All simulations here use the CAM finite-volume dynamical core (CAM-FV; Lin 2004) on a latitude–longitude grid at two resolutions: 0.9° latitude × 1.25° longitude (0.9 × 1.25 henceforth) and 0.23° latitude × 0.31° longitude (0.23 × 0.31 henceforth). We use two versions (versions 4 and 5) of CAM model physics—CAM4 and CAM5 (Neale et al. 2010, 2012). Our 0.23 × 0.31 simulations include a new formulation of enhanced momentum dissipation near the model top (Lauritzen et al. 2012b), which is included for stability.
An extensive suite of monthly-mean diagnostics was saved for all model runs (see http://www.cgd.ucar.edu/amp/amwg/diagnostics/). In addition, 3-hourly averages of precipitation and radiative fluxes were saved for all runs. Instantaneous surface pressure, sea level pressure, near-surface winds, and precipitation were also saved every 3 h for the high-resolution runs. Our CAM5 high-resolution simulation also saved instantaneous winds and temperatures at 850 and 200 hPa and temperatures at 500 hPa every 3 h in order to enable a variety of tropical cyclone algorithms to be employed (see the appendix).
a. CAM4 versus CAM5
CAM4 physics have been described in detail by Neale et al. (2010). A key innovation in CAM4 was the introduction of an entraining test plume, as well as a parameterization of cumulus momentum transport into the model’s deep convection scheme (Zhang and McFarlane 1995; Neale et al. 2008). These changes led to improved El Niño–Southern Oscillation variability in coupled simulations (Neale et al. 2008).
The differences in physics between CAM4 to CAM5 are extensive and involve every major physics parameterization except for deep convection, which remained as in CAM4 (Neale et al. 2012). An important development in CAM5 is an improved two-moment representation of cloud microphysical processes that is directly coupled to aerosol mass and number concentrations. Initial liquid cloud fraction is based on a threshold relative humidity as well as mass detrainment from both shallow and deep convection. Ice microphysics are treated prognostically (Morrison and Gettelman 2008; Gettelman et al. 2010). Cloud fractions are then adjusted via an iterative algorithm (Park et al. 2014, manuscript submitted to J. Climate) that ensures consistency between fractions and condensates. CAM4 uses simpler microphysics and macrophysics based on critical relative humidity thresholds (Rasch and Kristjansson 1998).
Both of our 0.23 × 0.31, 25-yr simulations incorporated some modifications to the default model physics used at 0.9 × 1.25. In the case of CAM4 these modifications were aimed at improving top-of-the-atmosphere (TOA) radiation fluxes, while in CAM5 the modifications were aimed at eliminating the computational cost incurred by using prognostic aerosols. We evaluated these modifications by comparing against short (1 yr) simulations at 0.23 × 0.31 using the default CAM4 and CAM5 configurations.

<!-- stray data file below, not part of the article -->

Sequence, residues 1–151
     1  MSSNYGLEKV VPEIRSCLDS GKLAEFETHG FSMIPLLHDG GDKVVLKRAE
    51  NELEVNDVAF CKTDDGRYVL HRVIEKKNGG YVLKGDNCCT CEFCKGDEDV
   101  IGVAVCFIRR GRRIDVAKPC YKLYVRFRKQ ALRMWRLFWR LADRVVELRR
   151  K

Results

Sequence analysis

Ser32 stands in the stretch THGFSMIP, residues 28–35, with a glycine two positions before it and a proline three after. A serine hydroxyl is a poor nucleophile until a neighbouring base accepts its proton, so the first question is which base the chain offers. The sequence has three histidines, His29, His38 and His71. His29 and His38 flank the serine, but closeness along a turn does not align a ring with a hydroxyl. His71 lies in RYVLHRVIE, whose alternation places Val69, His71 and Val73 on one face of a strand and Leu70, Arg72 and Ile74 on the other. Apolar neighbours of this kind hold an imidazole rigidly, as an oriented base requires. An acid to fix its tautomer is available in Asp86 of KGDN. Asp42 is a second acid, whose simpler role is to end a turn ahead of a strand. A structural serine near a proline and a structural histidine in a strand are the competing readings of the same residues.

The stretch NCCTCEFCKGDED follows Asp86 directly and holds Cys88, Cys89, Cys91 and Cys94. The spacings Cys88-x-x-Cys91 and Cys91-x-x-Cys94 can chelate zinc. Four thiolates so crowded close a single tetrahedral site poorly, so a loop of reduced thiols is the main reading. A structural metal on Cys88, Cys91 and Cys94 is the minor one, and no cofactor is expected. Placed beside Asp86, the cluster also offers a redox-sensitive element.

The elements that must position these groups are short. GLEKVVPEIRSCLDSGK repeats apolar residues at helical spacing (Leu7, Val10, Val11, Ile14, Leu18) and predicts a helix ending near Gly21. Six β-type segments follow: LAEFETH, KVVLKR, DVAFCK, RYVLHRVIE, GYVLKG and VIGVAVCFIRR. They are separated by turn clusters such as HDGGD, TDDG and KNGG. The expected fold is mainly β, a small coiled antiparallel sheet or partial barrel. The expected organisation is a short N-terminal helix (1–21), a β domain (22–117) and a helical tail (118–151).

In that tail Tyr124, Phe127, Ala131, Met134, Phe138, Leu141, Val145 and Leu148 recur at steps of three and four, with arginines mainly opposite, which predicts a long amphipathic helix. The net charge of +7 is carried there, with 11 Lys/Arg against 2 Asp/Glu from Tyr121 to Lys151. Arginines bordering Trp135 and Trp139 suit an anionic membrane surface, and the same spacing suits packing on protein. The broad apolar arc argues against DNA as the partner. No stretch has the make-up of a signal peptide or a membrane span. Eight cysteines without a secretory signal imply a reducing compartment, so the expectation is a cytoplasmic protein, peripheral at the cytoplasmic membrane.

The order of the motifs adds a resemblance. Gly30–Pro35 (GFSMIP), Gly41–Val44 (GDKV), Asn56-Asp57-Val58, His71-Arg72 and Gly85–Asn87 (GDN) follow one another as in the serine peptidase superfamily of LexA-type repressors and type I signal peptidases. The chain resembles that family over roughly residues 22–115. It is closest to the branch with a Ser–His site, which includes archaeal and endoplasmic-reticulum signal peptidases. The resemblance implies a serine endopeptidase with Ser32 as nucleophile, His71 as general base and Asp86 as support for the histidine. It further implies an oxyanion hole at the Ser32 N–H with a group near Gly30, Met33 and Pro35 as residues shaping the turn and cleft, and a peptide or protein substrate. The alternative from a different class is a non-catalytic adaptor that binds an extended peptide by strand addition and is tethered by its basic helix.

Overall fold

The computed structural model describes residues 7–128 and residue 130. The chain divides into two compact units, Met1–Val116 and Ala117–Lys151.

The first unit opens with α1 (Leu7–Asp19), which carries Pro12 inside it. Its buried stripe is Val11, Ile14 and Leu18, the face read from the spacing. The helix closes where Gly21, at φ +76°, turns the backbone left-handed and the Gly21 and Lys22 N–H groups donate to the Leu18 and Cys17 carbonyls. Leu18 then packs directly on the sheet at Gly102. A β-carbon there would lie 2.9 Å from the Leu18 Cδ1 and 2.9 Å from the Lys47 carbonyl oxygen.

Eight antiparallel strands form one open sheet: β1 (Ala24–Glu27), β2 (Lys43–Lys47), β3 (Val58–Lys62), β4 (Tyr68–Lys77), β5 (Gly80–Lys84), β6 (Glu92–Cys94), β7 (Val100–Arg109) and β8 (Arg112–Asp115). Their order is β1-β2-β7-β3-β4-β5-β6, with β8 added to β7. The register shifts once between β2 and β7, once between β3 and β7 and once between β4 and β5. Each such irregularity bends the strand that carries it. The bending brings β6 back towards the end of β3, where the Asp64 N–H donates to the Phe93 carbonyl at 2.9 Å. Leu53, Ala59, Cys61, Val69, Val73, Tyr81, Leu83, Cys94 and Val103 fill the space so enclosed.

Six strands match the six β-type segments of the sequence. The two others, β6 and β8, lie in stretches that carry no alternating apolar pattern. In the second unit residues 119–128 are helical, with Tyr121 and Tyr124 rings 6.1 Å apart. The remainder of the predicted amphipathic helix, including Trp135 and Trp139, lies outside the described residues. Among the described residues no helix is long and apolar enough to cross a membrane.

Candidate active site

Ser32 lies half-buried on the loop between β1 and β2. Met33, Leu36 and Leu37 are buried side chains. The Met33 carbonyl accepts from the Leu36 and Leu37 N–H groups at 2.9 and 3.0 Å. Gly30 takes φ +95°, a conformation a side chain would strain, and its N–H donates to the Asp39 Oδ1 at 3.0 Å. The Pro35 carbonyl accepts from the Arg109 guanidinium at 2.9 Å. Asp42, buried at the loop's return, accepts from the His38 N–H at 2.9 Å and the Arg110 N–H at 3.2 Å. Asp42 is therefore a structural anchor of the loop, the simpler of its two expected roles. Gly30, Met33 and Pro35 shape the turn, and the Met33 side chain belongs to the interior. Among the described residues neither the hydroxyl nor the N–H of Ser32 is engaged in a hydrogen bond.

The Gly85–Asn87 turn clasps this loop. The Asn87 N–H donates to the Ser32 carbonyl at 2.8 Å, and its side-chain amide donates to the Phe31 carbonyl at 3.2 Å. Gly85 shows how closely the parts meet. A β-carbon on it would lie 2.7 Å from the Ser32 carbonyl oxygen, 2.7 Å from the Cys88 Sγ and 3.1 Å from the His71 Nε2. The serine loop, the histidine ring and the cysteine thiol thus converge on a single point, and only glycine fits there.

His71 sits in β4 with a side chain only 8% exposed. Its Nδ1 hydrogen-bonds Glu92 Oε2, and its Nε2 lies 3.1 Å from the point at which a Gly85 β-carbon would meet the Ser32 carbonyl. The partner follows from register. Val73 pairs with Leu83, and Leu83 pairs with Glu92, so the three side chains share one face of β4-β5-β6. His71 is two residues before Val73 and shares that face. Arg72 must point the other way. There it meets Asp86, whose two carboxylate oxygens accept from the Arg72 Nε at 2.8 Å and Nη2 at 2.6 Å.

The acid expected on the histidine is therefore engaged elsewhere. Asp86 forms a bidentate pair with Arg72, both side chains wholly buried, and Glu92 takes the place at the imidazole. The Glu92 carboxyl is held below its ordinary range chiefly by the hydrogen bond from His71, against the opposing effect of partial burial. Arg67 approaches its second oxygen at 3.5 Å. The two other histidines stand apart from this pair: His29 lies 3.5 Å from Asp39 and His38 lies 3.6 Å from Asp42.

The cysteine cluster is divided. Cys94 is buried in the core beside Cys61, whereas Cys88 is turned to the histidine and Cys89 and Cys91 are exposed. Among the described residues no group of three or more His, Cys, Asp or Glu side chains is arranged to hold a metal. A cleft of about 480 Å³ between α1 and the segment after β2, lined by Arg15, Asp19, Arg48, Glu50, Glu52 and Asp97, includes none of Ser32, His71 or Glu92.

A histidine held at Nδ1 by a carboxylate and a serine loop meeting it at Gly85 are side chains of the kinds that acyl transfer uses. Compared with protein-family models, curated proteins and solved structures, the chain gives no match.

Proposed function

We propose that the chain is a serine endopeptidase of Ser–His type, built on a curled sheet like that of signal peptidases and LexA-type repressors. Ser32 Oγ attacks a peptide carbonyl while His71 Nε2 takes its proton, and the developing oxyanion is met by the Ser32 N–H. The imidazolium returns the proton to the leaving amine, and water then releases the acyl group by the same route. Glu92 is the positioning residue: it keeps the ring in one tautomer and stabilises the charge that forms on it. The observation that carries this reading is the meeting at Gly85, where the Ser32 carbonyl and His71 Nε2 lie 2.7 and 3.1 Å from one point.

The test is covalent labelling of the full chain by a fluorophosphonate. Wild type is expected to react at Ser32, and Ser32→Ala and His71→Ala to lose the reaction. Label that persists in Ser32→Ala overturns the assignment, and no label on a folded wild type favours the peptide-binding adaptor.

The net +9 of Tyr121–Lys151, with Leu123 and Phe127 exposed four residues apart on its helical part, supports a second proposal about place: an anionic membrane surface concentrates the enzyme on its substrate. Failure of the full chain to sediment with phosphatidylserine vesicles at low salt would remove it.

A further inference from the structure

1) Prescribed bulk aerosols for high-resolution CAM5
CAM5 physics include a sophisticated three-moment modal aerosol model (MAM; Easter et al. 2004; Ghan and Easter 2006). This treatment requires the inclusion of 20 new, fully prognostic aerosol quantities. The computational cost per grid point time step of CAM5 with fully prognostic aerosols is approximately 5 times that of CAM4. For an exploratory forced SST run at high resolution the costs of including fully prognostic aerosols were expected to outweigh the scientific benefits. To reduce computational cost we implemented a simple prescribed aerosol configuration based on an earlier bulk aerosol model (BAM; Kiehl et al. 2000). Monthly mean bulk aerosol masses from CAM4 simulations are used as input. A prescribed aerosol mass–number relationship is used to determine aerosol numbers. These prescribed aerosol masses and numbers are then used as input to the model’s cloud microphysics scheme exactly as is done when the prognostic aerosol model is used. Cloud radiative forcing was tuned for agreement with the fully prognostic MAM aerosol configuration by adjusting the prescribed aerosol mass–number relationship for sulfate. This tuning was performed at 0.9 × 1.25 and carried over to 0.23 × 0.31 with no modification.
This “prescribed BAM” configuration reduces the cost of running CAM5 by a factor of 2. Comparisons of this configuration with a 1-yr integration using fully prognostic MAM aerosols at 0.23 × 0.31 are shown in section 3. As will be shown, the use of the prescribed BAM versus the prognostic MAM configuration has only small effects on top-of-the-atmosphere radiative fluxes.
2) Ice-cloud modifications for high-resolution CAM4
Early attempts to use CAM4 at 0.23 × 0.31 resolution in coupled simulations revealed undesirable changes in cloud radiative forcing. Longwave cloud forcing (LWCF) and shortwave cloud wave forcing (SWCF) at mid and high latitudes were seen to decrease dramatically at high horizontal resolution. We believe these cloud forcing biases could contribute to unrealistic Northern Hemisphere sea ice distributions and large mid- and high-latitude SST biases (e.g., Kirtman et al. 2013). While further high-resolution coupled simulations with CAM4 may take place, further development of CAM4 physics is not planned at NCAR. To provide an alternative CAM4 configuration for high resolution, we tested a number of tuning parameter changes and minimal code changes in an effort to reduce LWCF and SWCF biases at mid and high latitudes.